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Shooting the breeze through a 1-2 ring game

Posted 06-04-2009 at 02:57 PM by mamono

A lot of my focus over the years has been to shoot well, improve my skill, support my team, and enjoy the company with friends. I have been fortunate enough over the years that when playing for cheap sets or something small, I usually come out ahead. They are rare and often times far between because I just like to chill and focus on my game rather than getting action. Never really got hooked on seeking out action like all my friends, I usually have been content with finding a nice corner table and spending some quality time practicing.

The other night, I was asked by my friend to go shoot for a bit at a pool hall that we have been considering to frequent more often. When we got there, they were in the middle of a tournament, but luckily had a few tables open. We took a Brunswick Centennial table close to the counter and started to shot around to warm up. Nothing real serious, mostly just banging balls around. When a Brunswick Gold Crown 5 opened up, my friend wanted to switch to it. Little did I know at the time that the GC's are usually the money tables and after getting to the table, we were approached for a cheap ring game 1-2.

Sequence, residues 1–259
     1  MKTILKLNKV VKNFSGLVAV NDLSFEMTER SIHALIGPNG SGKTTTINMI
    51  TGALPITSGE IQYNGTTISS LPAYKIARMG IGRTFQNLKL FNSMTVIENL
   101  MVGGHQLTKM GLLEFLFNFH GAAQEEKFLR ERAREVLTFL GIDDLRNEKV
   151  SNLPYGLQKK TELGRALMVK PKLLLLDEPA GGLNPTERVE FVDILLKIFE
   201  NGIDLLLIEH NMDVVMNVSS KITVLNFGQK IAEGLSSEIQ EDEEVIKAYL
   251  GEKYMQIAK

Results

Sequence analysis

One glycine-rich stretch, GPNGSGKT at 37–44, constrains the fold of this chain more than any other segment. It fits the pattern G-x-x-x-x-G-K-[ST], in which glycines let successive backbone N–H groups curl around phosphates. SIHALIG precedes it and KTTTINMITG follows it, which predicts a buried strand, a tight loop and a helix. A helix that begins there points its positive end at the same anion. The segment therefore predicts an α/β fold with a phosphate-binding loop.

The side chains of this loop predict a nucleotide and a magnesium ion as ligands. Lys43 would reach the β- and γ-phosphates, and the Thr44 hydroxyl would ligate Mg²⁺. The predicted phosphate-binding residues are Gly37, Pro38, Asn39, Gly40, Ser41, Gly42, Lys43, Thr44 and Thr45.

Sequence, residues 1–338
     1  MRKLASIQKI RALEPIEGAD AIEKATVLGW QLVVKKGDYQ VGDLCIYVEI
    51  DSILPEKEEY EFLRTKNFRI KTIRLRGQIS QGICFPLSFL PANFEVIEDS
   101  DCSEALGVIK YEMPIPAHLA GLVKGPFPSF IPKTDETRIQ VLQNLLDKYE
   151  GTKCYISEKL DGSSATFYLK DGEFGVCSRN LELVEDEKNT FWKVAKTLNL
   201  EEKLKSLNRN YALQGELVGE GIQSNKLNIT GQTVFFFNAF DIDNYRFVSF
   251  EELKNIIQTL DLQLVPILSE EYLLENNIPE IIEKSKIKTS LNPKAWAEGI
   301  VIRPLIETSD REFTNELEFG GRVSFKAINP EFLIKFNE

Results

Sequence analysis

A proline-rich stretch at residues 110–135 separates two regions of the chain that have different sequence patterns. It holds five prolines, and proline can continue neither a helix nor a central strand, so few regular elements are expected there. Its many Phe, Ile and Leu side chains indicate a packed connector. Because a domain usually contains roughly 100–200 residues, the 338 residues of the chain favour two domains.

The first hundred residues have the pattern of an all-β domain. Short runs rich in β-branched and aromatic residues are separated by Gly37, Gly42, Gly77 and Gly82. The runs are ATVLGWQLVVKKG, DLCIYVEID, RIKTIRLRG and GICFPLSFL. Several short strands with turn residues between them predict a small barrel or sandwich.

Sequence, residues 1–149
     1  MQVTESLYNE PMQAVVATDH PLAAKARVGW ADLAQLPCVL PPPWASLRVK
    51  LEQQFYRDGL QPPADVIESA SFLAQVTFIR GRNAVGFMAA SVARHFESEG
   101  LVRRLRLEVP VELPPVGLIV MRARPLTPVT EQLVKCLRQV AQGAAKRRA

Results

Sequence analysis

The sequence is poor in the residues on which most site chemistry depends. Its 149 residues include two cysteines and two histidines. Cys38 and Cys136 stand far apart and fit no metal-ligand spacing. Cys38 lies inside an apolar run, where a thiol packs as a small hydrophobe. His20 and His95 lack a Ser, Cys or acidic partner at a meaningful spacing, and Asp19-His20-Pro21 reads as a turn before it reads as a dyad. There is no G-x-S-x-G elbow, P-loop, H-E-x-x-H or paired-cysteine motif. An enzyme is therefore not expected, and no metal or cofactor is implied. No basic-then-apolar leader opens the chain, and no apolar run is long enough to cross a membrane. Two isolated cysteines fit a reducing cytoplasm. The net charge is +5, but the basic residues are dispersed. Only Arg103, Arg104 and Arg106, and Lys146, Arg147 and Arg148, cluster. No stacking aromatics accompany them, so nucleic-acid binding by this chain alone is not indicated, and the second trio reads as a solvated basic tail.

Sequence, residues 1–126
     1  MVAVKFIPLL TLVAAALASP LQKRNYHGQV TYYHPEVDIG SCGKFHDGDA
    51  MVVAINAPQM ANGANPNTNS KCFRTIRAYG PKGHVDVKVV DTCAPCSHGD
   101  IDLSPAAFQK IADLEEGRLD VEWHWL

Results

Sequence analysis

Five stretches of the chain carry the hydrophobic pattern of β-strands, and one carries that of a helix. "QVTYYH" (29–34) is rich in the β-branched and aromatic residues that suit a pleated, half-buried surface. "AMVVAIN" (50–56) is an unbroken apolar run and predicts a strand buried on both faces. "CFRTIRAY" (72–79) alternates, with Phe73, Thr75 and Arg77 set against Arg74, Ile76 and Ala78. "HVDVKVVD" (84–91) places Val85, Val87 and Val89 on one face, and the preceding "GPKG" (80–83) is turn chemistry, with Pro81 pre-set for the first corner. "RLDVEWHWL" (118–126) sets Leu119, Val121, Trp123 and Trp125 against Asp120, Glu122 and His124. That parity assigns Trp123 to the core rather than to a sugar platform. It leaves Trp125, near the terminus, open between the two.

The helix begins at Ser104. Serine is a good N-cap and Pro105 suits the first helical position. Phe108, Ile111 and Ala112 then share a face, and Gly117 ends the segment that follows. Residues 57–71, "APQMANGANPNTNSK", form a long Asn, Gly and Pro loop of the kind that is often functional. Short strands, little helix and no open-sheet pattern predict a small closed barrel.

Normally, I wouldn't join, but my friend was pretty insistent that I participate. The guy we were shooting with seemed to be nice and social. The game started out ok, mostly my friend winning the first two racks. I wasn't warmed up, nor was our new 3rd player. After I was about half way through my beer on the 3th rack, I got in stroke and had a few good feel for the speed of the felt. I held the lead for a while and all my sets seemed to be perfect, I noticed that my stroke and game had slowed down considerably compared to normal. Our 3rd player didn't seem to get any good rolls. It didn't help that my friend broke and ran. "Break and run is double! That is the law!" Funny when several rail birds and the table next to us said that out loud. Our 3rd player had some decent runs, but could seem to drop the money ball. Always leaving several 7, 8, or 9's hanging in the pocket in some manner. He eventually gave up after some teasing from his rail bird friends. Final payout was covered and table time paid off.

My friend and I decided to keep shooting around, but choose to move to a far corner table that was out of the way. The cheap ring game ended up netting us enough to pay for the entire night. That was pretty nice. Several hours of table time, beers, and a few appetizers. It was a good night.

We ended the evening watching Santos give up the 7-out to an A-ranked player for $500 a set.
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